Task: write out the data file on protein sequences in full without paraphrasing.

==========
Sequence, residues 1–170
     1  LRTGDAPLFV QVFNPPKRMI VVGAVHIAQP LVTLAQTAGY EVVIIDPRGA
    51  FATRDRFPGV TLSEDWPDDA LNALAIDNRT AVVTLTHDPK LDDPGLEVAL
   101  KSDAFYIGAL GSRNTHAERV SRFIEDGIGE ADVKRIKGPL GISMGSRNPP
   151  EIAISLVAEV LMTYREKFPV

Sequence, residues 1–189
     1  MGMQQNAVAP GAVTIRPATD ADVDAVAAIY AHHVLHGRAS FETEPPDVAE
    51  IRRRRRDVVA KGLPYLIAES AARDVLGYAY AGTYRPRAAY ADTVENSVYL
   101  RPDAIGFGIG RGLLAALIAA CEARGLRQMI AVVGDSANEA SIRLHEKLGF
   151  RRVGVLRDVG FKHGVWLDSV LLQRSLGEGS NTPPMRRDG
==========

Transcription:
Sequence, residues 1–170
     1  LRTGDAPLFV QVFNPPKRMI VVGAVHIAQP LVTLAQTAGY EVVIIDPRGA
    51  FATRDRFPGV TLSEDWPDDA LNALAIDNRT AVVTLTHDPK LDDPGLEVAL
   101  KSDAFYIGAL GSRNTHAERV SRFIEDGIGE ADVKRIKGPL GISMGSRNPP
   151  EIAISLVAEV LMTYREKFPV

Sequence, residues 1–189
     1  MGMQQNAVAP GAVTIRPATD ADVDAVAAIY AHHVLHGRAS FETEPPDVAE
    51  IRRRRRDVVA KGLPYLIAES AARDVLGYAY AGTYRPRAAY ADTVENSVYL
   101  RPDAIGFGIG RGLLAALIAA CEARGLRQMI AVVGDSANEA SIRLHEKLGF
   151  RRVGVLRDVG FKHGVWLDSV LLQRSLGEGS NTPPMRRDG